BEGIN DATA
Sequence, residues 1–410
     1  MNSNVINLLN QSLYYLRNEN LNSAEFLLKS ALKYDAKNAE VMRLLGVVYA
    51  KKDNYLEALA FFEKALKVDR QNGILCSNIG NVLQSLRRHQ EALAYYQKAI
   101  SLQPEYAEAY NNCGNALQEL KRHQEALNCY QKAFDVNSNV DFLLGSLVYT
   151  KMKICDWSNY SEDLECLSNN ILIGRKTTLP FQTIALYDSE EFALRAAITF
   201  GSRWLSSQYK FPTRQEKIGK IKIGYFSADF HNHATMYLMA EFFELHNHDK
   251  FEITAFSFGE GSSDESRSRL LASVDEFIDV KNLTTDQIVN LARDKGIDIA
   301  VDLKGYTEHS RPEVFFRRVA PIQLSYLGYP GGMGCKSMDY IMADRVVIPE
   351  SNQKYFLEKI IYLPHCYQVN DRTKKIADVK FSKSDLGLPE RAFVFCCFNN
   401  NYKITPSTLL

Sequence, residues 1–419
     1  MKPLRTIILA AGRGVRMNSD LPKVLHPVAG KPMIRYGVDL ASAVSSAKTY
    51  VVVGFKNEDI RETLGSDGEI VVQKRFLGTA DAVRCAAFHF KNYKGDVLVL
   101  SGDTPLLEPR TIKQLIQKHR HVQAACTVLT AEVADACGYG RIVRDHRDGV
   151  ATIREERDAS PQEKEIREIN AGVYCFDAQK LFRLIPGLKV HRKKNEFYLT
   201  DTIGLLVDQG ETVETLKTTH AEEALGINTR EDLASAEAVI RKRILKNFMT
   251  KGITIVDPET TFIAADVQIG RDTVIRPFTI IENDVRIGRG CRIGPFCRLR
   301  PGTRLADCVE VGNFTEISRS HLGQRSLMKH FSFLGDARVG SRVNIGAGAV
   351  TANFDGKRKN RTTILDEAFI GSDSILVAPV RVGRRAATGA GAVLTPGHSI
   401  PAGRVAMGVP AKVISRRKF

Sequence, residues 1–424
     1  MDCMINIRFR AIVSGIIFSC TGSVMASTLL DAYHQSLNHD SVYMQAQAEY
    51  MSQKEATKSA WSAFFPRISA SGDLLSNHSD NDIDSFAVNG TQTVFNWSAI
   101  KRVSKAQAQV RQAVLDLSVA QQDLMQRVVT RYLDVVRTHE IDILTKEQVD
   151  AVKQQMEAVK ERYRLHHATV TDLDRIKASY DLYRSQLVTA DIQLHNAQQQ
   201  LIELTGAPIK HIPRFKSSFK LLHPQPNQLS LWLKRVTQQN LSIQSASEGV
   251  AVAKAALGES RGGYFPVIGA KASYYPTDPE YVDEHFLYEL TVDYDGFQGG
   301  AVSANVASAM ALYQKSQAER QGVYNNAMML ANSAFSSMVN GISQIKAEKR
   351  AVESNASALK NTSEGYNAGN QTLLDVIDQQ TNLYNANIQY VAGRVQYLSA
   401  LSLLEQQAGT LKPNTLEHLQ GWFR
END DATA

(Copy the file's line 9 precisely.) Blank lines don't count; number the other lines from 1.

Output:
   351  SNQKYFLEKI IYLPHCYQVN DRTKKIADVK FSKSDLGLPE RAFVFCCFNN